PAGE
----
Note: All stats, unless otherwise indicated, come from Basketball-Reference.com. This introduction is an adapted form of what was used when ranking the top 20 offenses in NBA history as well as the top 20 defensesbottom 20 defensesbottom 20 offensesbest teams for each franchise and worst teams for each franchise throughout the same period. 

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Ranking the 5 Most Surprising Seasons in Pittsburgh Basketball History

One of the trademarks of the Jamie Dixon era in Pittsburgh has been, for all the unmet expectations of fans, the Panthers have exceeded just as many expectations under his watch. However, for a better perspective, how would some of Dixon’s surprising Pitt teams measure up with some of the school’s most surprising teams of years past?

We didn’t just look at bottom lines. We looked at how certain teams found success, or even failure, in some cases, and why that success or failure might have been thought hard to come by at the time.

It isn’t just coach-speak—or athlete-speak, as it were—to say there are inherent challenges with comparing one season to another. This is especially true when tasked with making apples-to-apples comparisons among different teams in different eras of college basketball.

For example, one surprising season that just missed our cut involved the 1940-41 Panthers, who bounced back from an 8-9 campaign to reach the Final Four. On one hand, they made it further in the NCAA tournament than any team in school history one year removed from not making the tournament at all. On the other hand, is it fair to call that team as surprising or more surprising than the teams that did make our cut, when factors like a smaller bracket and a shorter season made quick turnarounds more possible?

Giving the next generation its due credit without selling short the previous one, or vice versa, isn’t much easier. I’m not one to date myself, but, in the interest of maintaining candor with our readers, I’m not old enough to fully appreciate the playing careers of such Pitt legends as Charles Smith (pictured), Billy Knight or Don Hennon. Such limitations will inevitably alter my perspective, even though it’s common knowledge those guys turned quite a few heads in their day.

Nevertheless, we’ve given this assignment the same good-faith effort we give the rest. Let our ranking of the most surprising seasons in Pitt men’s basketball history begin—and let the debating begin as well.

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Minnesota Timberwolves: The five best trades in Timberwolves history

In honor of the Kevin Love and Andrew Wiggins trade, this past week I looked at the five worst trades in Minnesota Timberwolves history. To finish this theme on a happy note, here are the five best trades the Timberwolves have ever done.
5. Minnesota trades Jonny Flynn and the draft rights to Donatas Motiejunas to the Houston Rockets for Brad Miller, the draft rights to Nikola Mirotic, the draft rights to Chandler Parsons and a first round pick:
This trade, if the Timberwolves had kept the right players from this trade they actually would have recovered from investing a first round pick in Jonny Flynn. Mirotic was a great player in Europe and shows a lot of promise, while Chandler Parsons is a young player who plays good defense and was good enough to get a huge $45 million dollar deal this summer.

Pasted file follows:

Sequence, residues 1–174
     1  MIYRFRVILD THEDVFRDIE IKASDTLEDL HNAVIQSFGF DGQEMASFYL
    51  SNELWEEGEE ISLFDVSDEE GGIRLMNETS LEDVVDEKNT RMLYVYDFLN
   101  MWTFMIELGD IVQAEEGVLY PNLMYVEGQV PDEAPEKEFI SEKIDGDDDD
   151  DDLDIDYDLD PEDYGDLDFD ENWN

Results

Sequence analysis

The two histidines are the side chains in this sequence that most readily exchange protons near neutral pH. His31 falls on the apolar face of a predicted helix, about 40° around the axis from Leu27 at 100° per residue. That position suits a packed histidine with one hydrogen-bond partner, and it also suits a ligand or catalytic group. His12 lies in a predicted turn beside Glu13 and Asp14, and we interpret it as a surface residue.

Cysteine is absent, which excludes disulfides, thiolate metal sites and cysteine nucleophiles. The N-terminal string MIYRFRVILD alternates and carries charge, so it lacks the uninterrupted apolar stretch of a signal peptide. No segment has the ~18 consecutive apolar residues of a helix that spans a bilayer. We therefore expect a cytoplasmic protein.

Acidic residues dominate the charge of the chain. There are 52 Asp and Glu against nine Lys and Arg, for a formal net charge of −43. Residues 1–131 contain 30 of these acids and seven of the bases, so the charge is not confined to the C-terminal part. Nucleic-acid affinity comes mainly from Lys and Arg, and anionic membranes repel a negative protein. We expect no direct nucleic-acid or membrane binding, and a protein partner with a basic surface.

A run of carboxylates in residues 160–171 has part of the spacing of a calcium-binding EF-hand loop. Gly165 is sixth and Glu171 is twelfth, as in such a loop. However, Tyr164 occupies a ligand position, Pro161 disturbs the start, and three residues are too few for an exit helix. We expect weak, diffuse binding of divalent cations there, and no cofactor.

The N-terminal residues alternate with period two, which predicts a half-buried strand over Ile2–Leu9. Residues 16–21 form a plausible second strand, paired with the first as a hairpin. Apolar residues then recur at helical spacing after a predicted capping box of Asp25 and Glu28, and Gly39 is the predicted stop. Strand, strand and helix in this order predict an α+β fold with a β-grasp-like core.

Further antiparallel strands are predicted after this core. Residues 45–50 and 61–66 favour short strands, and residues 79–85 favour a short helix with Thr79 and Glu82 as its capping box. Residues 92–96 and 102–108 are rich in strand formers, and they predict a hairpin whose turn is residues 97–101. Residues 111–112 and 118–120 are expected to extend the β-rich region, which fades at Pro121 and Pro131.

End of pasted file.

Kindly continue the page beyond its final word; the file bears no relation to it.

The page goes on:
4. Minnesota trades Kevin Garnett to the Boston Celtics for Al Jefferson, Gerald Green, Ryan Gomes, two first round picks and cash considerations.
Al Jefferson now leading the Charlotte Bobcats
While it always i

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Minnesota Timberwolves: The five worst trades in Timberwolves history

Will Wiggins make up for losing Love?
This whole summer, the main story about the Minnesota Timberwolves was the Kevin Love trade to Cleveland, which ultimately ended with the Timberwolves receiving Andrew Wiggins, Anthony Bennett and Thaddeus Young. Time will tell whether the Timberwolves made a good trade or not, but that’s not going to stop me from looking back at the best and worst trades the Timberwolves have made in franchise history. I will start off with the worst first and save the best for next week.
5. Minnesota trades Ty Lawson to the Denver Nuggets for cash considerations:
The Minnesota Timberwolves drafted three point guards in the 2009 NBA draft and got rid of possibly the best one of the bunch. Admittedly the Timberwolves getting three point guards through draft would be hard to put on the roster. However this move looks much worse considering that one of the point guards the Timberwolves drafted and kept over Lawson was Jonny Flynn, who is already out of the NBA while Lawson averages 18 po

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Ranking the Top 5 Uniforms in Los Angeles Clippers History

The Los Angeles Clippers franchise doesn’t have a history of winning in bunches, but in terms of uniforms, their tradition is as rich as it gets.

The Clips have won many times in the looks department, and part of the intrigue in their success lies in the fact that they’ve had two substantial relocations to San Diego from Buffalo in 1978 and from San Diego to Los Angeles in 1984. 

As for the criteria, the goal is to look at the five best looking outfits. One thing to note is that these have nothing to do with the success of the team that wore them, though there’s plenty of background info for context alone.

Which jerseys belong in the all-time top 5 in franchise history? Let’s take a look, starting where it all began.